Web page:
Hedgeye Retail’s Take: Remember Pharell’s Ice Cream shoes? Or what about Jay-Z’s S. Carter line?
Dolce, Gabbana Hearing Ends in Postponement - The first preliminary court hearing to determine whether Domenico Dolce and Stefano Gabbana will have to stand trial for alleged tax evasion was held here Thursday. Judge Simone Luerti presided over the hearing, which was not conclusive and was postponed to March 25. A source said the hearing was deferred because “the defendants’ lawyers asked for more time to draw their conclusions.” Luerti will evaluate the evidence provided by Milan-based prosecutor Laura Pedio and has the option to dismiss the case if the evidence doesn’t justify moving forward. <WWD>
Hedgeye Retail’s Take: With over a billion dollars in question here, this story is likely a close tie with the Berlusconi scandal in Italy.
NRF Forecasts 4% Retail Sales Growth for 2011 - The National Retail Federation projected retail industry sales, -excluding automobiles, gas stations, and restaurants - will increase 4.0% from 2010. The cautiously optimistic outlook comes on the heels of seven consecutive months of retail sales growth and better than expected holiday sales. With retailers ending last year on a strong note, thanks to robust holiday spending figures, the prospects for economic growth are starting to look better. However, with small businesses continuing to hold back on hiring and expansion plans and consumers facing higher energy costs, questions remain about the speed and strength of the retail spending momentum. <SportsOneSource>
Hedgeye Retail’s Take: A 4% growth rate would actually be pretty good if achieved. Expect the NRF to also offer numerous other bullish forecasts as the voice of the retail industry often does.
U.K. Retail Sales Surge - U.K. retail sales rose almost four times as much as economists forecast in January as consumer spending rebounded after the coldest December in a century. Sales gained 1.9 percent from the previous month, when they fell a revised 1.4 percent as snow and freezing temperatures kept Britons from shopping, the Office for National Statistics said today in London. The gain was the biggest since February 2010 and exceeded the 0.5 percent median forecast of 22 economists in a Bloomberg News survey. From a year earlier, sales increased 5.3 percent. Services and construction industries also rebounded last month after weather-related slumps, and today’s data add to evidence that the economy’s 0.5 percent contraction in the fourth quarter may have been a temporary setback to the recovery. <Bloomberg>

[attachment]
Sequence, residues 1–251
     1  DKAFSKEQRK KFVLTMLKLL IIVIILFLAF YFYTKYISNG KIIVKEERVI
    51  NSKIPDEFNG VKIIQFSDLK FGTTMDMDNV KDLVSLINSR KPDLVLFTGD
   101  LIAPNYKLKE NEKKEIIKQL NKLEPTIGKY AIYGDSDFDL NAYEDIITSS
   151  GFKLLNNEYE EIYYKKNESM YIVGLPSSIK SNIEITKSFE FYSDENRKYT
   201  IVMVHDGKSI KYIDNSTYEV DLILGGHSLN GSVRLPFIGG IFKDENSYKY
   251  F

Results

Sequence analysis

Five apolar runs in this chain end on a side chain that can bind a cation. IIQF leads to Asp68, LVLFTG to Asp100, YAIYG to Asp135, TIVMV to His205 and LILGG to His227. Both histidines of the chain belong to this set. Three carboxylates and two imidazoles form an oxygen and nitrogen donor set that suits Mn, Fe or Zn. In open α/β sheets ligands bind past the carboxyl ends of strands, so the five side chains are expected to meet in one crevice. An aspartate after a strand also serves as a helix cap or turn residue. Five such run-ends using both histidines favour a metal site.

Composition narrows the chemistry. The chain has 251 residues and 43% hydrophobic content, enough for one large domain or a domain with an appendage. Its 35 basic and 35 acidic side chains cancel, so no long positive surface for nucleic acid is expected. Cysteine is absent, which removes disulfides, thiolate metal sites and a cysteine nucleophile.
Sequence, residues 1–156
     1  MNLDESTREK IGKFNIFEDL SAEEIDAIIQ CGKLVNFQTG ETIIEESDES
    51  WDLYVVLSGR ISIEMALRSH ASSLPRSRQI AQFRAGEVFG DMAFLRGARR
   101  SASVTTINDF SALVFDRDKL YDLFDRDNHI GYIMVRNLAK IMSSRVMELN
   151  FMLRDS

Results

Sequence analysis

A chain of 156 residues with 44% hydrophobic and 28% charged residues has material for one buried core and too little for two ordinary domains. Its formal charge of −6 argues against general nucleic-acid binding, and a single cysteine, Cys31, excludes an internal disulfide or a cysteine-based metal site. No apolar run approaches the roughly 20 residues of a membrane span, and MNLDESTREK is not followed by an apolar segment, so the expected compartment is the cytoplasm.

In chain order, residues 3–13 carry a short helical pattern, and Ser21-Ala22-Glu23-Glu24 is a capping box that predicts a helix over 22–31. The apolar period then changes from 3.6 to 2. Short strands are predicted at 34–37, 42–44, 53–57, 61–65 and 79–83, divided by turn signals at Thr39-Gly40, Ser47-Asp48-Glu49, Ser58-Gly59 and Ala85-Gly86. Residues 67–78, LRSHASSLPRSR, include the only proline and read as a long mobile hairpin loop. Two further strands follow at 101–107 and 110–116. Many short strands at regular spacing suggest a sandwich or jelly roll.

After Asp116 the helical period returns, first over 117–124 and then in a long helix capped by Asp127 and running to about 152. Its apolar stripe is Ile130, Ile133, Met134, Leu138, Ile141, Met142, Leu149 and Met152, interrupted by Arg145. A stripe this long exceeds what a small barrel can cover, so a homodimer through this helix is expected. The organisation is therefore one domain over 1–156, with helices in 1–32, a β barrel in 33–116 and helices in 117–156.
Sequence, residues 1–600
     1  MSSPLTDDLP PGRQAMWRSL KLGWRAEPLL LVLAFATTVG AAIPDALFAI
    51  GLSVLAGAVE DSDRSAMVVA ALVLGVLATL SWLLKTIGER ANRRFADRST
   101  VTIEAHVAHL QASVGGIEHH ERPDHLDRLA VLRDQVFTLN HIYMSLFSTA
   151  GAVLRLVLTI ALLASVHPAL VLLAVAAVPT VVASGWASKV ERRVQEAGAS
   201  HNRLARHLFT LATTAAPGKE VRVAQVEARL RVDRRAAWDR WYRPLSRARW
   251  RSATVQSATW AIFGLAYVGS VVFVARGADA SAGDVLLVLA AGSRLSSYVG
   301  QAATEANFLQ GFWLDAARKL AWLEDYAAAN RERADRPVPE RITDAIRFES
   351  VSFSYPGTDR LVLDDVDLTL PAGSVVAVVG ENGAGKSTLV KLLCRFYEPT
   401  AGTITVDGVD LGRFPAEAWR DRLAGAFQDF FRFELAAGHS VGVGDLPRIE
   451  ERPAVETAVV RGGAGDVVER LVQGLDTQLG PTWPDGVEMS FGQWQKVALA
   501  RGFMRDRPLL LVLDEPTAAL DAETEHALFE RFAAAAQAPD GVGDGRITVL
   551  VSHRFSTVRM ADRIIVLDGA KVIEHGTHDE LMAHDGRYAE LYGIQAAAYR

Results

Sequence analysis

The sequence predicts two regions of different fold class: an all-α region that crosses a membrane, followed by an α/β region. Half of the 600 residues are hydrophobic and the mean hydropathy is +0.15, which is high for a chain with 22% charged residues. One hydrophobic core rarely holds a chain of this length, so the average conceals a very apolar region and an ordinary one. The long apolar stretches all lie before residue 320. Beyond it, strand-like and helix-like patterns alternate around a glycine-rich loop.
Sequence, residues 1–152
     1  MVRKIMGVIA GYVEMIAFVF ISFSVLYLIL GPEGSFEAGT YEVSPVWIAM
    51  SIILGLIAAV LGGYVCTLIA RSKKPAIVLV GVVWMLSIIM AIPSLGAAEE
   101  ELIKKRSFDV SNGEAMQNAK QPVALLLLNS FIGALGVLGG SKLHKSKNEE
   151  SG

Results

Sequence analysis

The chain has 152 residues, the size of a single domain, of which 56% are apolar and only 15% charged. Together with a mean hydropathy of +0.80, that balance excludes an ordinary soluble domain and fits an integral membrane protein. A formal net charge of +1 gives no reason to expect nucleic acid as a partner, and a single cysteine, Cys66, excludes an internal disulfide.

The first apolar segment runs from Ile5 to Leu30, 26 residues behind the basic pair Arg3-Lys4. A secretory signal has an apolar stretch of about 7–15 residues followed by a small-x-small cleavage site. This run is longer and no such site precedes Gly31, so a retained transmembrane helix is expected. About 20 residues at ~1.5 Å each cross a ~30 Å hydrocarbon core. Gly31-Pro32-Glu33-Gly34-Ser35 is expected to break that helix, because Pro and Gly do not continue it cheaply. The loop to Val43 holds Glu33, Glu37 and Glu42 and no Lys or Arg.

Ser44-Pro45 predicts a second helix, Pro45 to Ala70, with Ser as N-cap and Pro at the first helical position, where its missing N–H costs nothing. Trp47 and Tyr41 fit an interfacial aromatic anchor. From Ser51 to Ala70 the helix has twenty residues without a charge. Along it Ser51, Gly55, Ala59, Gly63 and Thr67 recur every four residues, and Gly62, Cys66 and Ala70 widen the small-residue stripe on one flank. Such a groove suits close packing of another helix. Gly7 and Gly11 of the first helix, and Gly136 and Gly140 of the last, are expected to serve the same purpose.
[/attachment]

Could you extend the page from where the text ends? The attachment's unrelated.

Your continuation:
Hedgeye Retail’s Take: A positive proxy after one of the snowiest January’s in recent history and consistent with what we are seeing thus far in terms of a February sales reacceleration across much of the country with a notable exception on the west coast.
Cotton Hits $2 - Cotton topped $2 a pound for the first time ever as accelerating global growth boosted demand for garments manufactured in China, the world’s biggest fiber consumer and importer, amid shrinking supplies. China’s apparel exports in January surged 34 percent to $13.38 billion from a year earlier, the Customs Bureau said this week. Cotton stockpiles monitored by ICE Futures U.S. have plunged 84 percent since June 1, and flooding in Australia and Pakistan reduced output. “The bulls have gone berserk, and it looks like they want prices to go higher,” said Sid Love, the president of Joe Kropf & Sid Love Consulting Services LLC in Overland Park, Kansas. “China’s demand still remains strong.” <Bloomberg>
Hedgeye Retail’s Take: As prices continue to surge higher, expect the shake out of marginal players in the basics business to begin.